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Re: The Holocene Extinction
« Reply #381 on: November 25, 2019, 10:15:49 PM »
The chill of reality. UBC ecological economist William E. Rees, co-creator of the ecological footprint concept, has some bad news for techno-optimists.
 I find his views very realistic, as he wants to be:

https://stanford.us4.list-manage.com/track/click?u=88e1f9157b8a1070712b4dd12&id=54d87b4ae2&e=abc543e6fa
...
Compelling summary of our behavior and its consequences.
Arctic ice is healthy for children and other living things.

vox_mundi

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Re: The Holocene Extinction
« Reply #382 on: November 26, 2019, 08:16:55 PM »
Losing Nemo: Clownfish 'Cannot Adapt to Climate Change'
https://phys.org/news/2019-11-nemo-clownfish-climate.html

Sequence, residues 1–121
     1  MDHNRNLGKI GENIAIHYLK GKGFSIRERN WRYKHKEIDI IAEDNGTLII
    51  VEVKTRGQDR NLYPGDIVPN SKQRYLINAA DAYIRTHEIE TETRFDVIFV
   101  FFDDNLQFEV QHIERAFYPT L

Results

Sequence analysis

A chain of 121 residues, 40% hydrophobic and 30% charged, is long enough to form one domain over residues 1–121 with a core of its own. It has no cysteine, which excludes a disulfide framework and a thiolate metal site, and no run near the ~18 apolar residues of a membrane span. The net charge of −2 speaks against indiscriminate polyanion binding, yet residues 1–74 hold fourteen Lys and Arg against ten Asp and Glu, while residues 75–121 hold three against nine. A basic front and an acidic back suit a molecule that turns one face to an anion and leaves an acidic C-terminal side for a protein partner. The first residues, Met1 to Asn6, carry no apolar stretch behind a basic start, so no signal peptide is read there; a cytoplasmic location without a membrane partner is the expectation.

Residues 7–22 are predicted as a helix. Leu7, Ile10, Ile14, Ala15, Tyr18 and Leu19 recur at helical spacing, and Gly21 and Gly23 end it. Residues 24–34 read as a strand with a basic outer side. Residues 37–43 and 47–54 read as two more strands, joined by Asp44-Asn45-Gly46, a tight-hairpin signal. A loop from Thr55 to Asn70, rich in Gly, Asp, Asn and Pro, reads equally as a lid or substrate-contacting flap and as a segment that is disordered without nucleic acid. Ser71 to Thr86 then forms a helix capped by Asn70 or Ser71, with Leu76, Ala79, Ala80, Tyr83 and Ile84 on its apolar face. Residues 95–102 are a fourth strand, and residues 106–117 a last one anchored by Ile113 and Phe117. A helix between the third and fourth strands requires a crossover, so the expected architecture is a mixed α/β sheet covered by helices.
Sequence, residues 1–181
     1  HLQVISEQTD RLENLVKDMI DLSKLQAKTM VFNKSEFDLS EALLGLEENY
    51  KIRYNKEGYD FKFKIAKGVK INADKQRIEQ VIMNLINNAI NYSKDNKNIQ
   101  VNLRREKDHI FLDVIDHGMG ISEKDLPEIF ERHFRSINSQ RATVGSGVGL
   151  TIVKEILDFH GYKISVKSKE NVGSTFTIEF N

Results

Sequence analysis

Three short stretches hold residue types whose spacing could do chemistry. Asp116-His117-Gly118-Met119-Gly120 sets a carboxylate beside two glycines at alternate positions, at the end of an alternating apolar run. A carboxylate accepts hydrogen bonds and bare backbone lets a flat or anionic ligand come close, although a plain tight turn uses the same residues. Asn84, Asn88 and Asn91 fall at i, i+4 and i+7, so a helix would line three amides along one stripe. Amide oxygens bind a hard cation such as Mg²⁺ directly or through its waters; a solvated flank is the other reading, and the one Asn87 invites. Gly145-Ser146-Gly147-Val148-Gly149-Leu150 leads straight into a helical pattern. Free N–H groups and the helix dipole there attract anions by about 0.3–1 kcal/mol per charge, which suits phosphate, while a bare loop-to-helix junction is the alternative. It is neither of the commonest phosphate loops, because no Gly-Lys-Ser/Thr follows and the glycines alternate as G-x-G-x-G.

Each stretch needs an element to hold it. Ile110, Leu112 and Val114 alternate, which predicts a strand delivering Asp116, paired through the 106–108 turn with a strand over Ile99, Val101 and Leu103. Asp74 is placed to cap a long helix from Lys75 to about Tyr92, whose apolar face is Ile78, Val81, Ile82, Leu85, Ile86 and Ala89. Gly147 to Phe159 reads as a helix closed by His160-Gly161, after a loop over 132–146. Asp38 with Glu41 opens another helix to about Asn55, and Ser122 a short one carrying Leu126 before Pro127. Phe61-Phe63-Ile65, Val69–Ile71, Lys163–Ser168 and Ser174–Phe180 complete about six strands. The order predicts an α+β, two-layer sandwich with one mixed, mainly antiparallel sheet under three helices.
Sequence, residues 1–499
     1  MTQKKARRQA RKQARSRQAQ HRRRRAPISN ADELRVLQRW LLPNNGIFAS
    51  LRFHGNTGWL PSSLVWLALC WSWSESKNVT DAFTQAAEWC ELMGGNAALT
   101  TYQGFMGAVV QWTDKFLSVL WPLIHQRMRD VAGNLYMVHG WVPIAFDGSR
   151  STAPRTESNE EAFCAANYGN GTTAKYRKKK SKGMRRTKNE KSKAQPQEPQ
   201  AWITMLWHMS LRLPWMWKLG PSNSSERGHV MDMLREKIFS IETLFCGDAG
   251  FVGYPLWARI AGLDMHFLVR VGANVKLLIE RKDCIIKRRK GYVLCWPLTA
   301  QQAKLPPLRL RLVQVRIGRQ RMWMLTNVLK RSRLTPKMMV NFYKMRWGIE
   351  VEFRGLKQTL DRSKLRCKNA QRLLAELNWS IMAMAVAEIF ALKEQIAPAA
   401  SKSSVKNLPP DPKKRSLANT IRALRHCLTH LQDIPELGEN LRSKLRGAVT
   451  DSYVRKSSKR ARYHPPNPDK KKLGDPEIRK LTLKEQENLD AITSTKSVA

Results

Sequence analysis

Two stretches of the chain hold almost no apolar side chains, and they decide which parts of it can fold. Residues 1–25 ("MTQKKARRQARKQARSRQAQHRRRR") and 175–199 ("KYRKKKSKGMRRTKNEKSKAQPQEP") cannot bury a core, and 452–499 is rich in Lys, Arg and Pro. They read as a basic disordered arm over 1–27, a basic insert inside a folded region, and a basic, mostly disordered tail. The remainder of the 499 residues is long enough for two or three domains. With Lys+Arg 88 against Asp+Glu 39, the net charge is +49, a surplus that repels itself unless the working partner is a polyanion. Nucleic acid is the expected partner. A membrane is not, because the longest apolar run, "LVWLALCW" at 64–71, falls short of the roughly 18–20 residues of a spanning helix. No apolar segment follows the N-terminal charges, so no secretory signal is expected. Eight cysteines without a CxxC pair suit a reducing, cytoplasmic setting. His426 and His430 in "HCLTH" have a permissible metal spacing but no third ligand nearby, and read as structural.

... "The reproductive success of a population is what guarantees (its ability) to adapt," CNRS researcher Benoit Poujol told AFP.

And clownfish have a "very particular" reproductive cycle, dependent on a stable, benign environment.

Each anemone is home to one female fish, a sexually active male and several other males who are not sexually active.

"When the female dies, the male becomes female and the largest of the non-sexually active males became sexually active," Poujol said.

"The clownfish does not have the genetic variation which will allow it to modify its reproduction (method) if there are environmental constraints."



... Under 2C of warming coral, and the vital ecosystems it supports, would be virtually wiped out.
“There are three classes of people: those who see. Those who see when they are shown. Those who do not see.” ― Leonardo da Vinci

Insensible before the wave so soon released by callous fate. Affected most, they understand the least, and understanding, when it comes, invariably arrives too late

Tom_Mazanec

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Re: The Holocene Extinction